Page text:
Hedge fund called SEC probe target

Pequot investigator praised, then fired

June 23, 2006|By NEW YORK TIMES NEWS SERVICE

One of the nation's most prominent hedge funds, Pequot Capital Management Inc., is under investigation by the Securities and Exchange Commission for possible insider trading, according to government officials briefed on the case.

The SEC declined yesterday to confirm or deny that it was investigating Pequot, a $7 billion fund overseen by Arthur J. Samberg, 65, a leading money manager and philanthropist. But a lawyer who once led the agency's investigation has told Congress that the fund's trading repeatedly aroused suspicion among stock exchange officials, prompting them on 18 occasions to refer cases to the SEC for further investigation, records show.

In one instance, Pequot made $18 million by investing in companies that soon after announced a major corporate merger in July 2001, the lawyer told Congress.

The investigation has not resulted in any charges against Pequot, and the fund has denied any wrongdoing.

At the same time, the SEC's handling of the Pequot inquiry has itself come under scrutiny by Congress and the Justice Department's Office of Special Counsel, a federal agency that examines whistle-blower complaints. These officials are examining charges by Gary J. Aguirre, the SEC lawyer who ran the Pequot investigation until last summer, that senior SEC officials had backed his inquiry - including the issuance of scores of subpoenas - until he sought the testimony of an influential Wall Street executive.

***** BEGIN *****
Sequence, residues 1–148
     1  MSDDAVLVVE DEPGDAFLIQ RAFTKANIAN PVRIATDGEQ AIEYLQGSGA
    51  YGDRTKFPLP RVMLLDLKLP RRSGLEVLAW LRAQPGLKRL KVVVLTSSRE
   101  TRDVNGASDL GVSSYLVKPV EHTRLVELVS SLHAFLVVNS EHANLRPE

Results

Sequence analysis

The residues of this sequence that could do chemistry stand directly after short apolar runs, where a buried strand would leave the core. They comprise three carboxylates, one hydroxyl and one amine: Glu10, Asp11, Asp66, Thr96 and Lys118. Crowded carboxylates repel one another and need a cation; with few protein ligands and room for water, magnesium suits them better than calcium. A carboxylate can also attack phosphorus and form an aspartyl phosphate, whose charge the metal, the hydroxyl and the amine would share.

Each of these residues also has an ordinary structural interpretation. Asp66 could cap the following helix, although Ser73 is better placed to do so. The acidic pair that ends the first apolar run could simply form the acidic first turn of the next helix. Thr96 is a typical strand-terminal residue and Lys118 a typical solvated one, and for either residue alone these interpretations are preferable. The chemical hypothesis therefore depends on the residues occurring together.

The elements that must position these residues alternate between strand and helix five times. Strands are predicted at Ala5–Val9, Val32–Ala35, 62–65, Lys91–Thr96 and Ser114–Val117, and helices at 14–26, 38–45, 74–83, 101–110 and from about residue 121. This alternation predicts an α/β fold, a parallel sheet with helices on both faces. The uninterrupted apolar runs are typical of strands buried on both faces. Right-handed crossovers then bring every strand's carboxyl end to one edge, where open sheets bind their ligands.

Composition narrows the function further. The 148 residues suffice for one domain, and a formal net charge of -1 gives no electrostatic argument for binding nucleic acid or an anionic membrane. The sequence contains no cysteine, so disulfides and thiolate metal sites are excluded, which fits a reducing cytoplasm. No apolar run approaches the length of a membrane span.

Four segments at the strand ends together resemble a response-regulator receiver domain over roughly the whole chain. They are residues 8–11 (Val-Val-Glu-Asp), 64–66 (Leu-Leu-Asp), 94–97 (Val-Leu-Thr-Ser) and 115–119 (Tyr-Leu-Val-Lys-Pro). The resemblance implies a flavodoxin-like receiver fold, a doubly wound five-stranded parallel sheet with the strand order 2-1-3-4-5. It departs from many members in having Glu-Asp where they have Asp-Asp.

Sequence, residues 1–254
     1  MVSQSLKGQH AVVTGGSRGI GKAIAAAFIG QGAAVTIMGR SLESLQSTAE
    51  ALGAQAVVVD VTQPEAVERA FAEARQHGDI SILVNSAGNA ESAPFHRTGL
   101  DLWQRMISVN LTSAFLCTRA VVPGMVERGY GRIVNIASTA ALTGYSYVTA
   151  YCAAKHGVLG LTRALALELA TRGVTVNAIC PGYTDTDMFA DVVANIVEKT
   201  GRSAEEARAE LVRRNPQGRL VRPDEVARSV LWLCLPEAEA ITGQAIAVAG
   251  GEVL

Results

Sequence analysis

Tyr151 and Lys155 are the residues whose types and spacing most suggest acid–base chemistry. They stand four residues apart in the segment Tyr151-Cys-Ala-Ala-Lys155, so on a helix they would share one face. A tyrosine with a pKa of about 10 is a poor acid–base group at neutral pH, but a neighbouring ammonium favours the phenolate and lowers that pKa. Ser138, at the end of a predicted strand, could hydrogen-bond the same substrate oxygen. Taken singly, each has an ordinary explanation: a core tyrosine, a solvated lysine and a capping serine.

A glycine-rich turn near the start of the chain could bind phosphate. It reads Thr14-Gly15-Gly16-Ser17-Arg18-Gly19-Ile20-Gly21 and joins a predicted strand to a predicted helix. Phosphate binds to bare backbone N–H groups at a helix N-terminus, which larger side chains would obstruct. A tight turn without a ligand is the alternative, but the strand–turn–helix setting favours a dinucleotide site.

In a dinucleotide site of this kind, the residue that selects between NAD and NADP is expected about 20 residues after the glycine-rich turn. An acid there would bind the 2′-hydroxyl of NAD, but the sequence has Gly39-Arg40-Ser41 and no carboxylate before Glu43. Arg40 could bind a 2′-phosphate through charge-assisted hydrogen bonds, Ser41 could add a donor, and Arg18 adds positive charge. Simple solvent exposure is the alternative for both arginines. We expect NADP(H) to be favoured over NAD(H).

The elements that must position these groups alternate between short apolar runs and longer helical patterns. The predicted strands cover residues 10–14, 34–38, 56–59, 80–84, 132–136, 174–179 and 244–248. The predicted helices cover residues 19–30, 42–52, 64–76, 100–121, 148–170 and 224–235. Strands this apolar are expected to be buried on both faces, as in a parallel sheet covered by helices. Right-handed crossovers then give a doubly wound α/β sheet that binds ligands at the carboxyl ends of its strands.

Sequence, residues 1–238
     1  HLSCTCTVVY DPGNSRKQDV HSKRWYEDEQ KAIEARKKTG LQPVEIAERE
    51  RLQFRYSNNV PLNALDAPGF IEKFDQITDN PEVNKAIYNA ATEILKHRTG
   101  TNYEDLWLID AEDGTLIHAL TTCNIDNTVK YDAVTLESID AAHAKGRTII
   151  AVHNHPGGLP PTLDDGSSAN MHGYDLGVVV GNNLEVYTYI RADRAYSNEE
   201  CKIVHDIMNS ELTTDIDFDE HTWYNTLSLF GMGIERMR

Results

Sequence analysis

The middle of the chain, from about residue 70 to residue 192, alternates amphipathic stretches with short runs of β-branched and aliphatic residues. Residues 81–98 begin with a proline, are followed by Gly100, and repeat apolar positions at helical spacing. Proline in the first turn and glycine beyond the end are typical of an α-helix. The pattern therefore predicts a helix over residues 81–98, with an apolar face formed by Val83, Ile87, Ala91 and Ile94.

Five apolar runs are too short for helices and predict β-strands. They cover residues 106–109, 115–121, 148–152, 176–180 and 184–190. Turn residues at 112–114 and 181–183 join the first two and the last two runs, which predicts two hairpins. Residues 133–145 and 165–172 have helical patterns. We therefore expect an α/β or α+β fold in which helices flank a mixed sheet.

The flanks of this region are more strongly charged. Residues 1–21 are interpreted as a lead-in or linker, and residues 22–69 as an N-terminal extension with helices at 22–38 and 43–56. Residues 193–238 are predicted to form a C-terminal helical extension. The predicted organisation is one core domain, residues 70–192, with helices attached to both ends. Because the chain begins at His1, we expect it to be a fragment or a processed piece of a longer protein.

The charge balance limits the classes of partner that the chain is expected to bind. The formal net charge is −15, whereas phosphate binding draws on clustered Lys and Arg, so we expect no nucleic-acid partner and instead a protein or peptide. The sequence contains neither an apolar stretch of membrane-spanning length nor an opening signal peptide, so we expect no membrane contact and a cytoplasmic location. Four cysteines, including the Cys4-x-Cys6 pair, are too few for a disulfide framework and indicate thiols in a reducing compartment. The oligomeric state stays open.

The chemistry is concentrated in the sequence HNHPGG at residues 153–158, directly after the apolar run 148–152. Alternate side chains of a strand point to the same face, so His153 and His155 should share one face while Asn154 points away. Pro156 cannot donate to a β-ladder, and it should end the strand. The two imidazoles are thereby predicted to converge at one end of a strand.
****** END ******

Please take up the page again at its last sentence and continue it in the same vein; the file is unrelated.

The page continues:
Aguirre, 66, told Congress that he was fired Sept. 1, while on vacation, after losing an argument with superiors over whether he could take the executive's testimony.

Senate investigators want to know, among other things, whether political considerations played a role in the firing of Aguirre 11 days after awarding him a two-step merit pay increase and after his supervisor had praised his work on the Pequot investigation.

"His efforts have uncovered evidence of potential insider trading and possible manipulative trading by the fund," his supervisor, Robert Hanson, wrote in a performance evaluation, documents show. "He has consistently gone the extra mile, and then some."

Aguirre made his allegations in an 18-page letter to Sen. Chuck Hagel, the Nebraska Republican who is chairman of the Senate Subcommittee on Securities and Investment, and Connecticut Sen. Christopher J. Dodd, the panel's ranking Democrat. His complaints to the chairmen of two Senate committees, Richard C. Shelby of Alabama and Charles E. Grassley of Iowa, prompted them to ask SEC officials for a confidential briefing on Aguirre's allegations about the Pequot investigation.

The investigation brings the SEC to the door of one of the oldest and most powerful hedge funds in America. While the SEC has filed suit against several hedge funds in recent years, it is not known to have focused on a fund as large or as widely known as Pequot, of Westport, Conn.

It is unclear to what extent Aguirre's firing may have interrupted the inquiry, but government officials who have been briefed on the investigation say it is continuing.

Asked to comment, Jonathan Gasthalter, a Pequot spokesman said, "At all times, Pequot's securities trading has been entirely proper and not based on insider information."

Aguirre's letter to Congress did not specifically identify any of the trades. But according to government officials, the trades Aguirre said had made the fund $18 million involved one of the biggest mergers in 2001: General Electric Capital Corp.'s $5.25 billion buyout of Heller Financial, a Chicago-based lender to businesses. Heller's stock rose 50 percent the day the acquisition was announced.

Gasthalter said the fund's trades were made in "the ordinary course of the firm's business." He added that, "Nobody at Pequot was tipped by anyone regarding the Heller acquisition or any other corporate events."

The SEC's investigation and the questions surrounding it come at a time of growing concern on Capitol Hill about the power of hedge funds, which are lightly regulated investment pools that cater to wealthy individuals, as well as institutional investors, pension funds and foundations.

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